Increase funding for malaria elimination efforts
G20 countries can increase funding for malaria elimination efforts in fragile and conflict-affected states by using their collective economic and political influence to promote increased funding and resources for malaria control programmes. For example, supporting the Global Fund, as well as encouraging member countries to provide financial incentives to the private sector through tax breaks and more. This can also link back to supporting public-private partnerships that promote developing and distributing innovative malaria control and elimination tools.
Tailored malaria response
Essentially, we must acknowledge and recognize how factors like poverty, lack of healthcare, and poor living conditions can put the communities at higher risk of getting affected with malaria. One of the ways is to use the Differential Vulnerability Framework (DVF), which tells us how different vulnerable groups, including women, are affected differently by health issues, depending on their living situation, wealth, and environment. One of the key success stories include the MENTOR initiative, which was founded in 2022 by Richard Allan. This group trained local community health workers to provide essential medical support, especially for malaria and other common diseases. When displaced due to unexpected conflicts, these health workers even move with their communities. Currently, the initiative is active in countries including the Central African Republic, Mozambique, Angola, Syria, and Venezuela.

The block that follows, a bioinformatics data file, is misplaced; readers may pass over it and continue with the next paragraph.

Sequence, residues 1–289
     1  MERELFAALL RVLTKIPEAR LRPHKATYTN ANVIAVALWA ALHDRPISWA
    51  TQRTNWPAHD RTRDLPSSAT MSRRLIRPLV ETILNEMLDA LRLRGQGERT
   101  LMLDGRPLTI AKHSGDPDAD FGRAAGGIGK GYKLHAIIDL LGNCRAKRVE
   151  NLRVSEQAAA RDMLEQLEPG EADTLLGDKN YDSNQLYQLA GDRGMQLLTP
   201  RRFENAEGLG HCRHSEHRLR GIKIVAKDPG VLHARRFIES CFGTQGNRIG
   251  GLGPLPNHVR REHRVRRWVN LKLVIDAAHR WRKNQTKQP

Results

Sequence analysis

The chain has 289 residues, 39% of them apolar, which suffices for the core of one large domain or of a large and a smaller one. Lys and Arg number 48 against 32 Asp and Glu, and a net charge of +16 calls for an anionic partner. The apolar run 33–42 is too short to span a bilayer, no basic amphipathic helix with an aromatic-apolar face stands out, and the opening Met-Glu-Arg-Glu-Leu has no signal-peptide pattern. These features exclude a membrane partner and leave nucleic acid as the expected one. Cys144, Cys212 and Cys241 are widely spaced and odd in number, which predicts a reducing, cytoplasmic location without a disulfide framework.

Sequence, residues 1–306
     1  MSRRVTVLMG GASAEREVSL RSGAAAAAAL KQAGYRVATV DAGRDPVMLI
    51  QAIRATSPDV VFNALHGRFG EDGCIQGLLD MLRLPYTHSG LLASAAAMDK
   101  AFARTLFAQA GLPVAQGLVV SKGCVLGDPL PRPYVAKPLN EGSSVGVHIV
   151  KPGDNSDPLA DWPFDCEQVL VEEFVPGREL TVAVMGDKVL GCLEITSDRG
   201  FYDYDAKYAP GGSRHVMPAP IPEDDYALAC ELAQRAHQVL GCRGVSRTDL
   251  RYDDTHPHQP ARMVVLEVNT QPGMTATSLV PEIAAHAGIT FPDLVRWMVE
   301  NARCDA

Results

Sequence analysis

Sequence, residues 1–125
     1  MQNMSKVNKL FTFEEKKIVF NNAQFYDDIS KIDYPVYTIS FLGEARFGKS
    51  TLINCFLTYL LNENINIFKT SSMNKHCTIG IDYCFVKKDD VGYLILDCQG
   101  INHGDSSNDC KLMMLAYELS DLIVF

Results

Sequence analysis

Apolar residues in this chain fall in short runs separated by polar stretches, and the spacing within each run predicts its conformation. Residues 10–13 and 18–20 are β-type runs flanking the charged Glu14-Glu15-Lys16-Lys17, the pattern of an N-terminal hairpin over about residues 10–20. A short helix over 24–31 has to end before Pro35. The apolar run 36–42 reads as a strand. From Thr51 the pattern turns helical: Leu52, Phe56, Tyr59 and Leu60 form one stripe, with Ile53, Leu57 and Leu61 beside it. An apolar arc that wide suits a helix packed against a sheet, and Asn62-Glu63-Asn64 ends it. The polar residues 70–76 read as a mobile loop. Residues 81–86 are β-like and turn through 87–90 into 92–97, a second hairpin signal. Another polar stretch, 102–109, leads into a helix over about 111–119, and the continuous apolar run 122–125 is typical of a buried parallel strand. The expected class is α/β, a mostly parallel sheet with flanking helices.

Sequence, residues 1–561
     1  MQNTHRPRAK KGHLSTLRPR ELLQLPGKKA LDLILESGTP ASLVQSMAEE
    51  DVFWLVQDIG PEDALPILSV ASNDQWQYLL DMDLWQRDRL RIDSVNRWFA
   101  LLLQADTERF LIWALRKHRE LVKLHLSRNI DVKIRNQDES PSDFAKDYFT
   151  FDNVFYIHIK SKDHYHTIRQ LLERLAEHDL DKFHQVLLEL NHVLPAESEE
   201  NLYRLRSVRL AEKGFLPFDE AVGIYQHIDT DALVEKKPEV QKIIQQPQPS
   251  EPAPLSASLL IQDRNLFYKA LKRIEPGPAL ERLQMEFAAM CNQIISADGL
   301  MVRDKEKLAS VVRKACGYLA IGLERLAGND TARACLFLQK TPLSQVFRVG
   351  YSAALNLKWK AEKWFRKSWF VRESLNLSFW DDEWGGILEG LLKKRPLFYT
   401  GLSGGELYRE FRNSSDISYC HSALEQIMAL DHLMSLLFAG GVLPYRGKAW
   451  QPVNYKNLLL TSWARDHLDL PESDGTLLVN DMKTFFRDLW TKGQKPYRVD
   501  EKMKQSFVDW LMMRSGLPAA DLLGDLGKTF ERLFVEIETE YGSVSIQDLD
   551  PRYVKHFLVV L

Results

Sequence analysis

Knowledge-sharing and partnerships
We are also calling on the G20 to urgently prioritise capacity-building and knowledge-sharing initiatives, demonstrate successful interventions, and leverage the G20 platform to disseminate crucial information. Coordination among partners can be improved through joint task forces, resource pooling, and centralised data sharing. Furthermore, integrating succinct monitoring and evaluation is crucial for assessing program effectiveness.
Finally, the G20 platform should also support the development of partnerships with non-governmental organisations, academic institutions, and the private sector to leverage expertise, resources, and innovation towards malaria elimination efforts. One of the ways to achieve this is by utilising the ‘Health in All Policies (HiAP)’ framework, which addresses the social determinants of health that underlie malaria transmission and address the complex challenges faced by health systems in fragile and conflict-affected regions.
“An increased investment in collaboration would expand the capacity of each country to prevent, detect and respond to endemic diseases. With strong partnerships, reinforced by increased public and private sector funding and cooperation, we can achieve malaria elimination and strengthen health systems."
A cohesive, adaptive, and well-resourced approach involving various stakeholders is needed to strengthen and empower communities to become resilient against future health emergencies. Our recommendations in these briefs will ultimately be presented to G20 working groups, ministerial meetings, and leaders’ summits to help them implement tangible concrete policy actions, with the ultimate goal of achieving malaria elimination by 2030.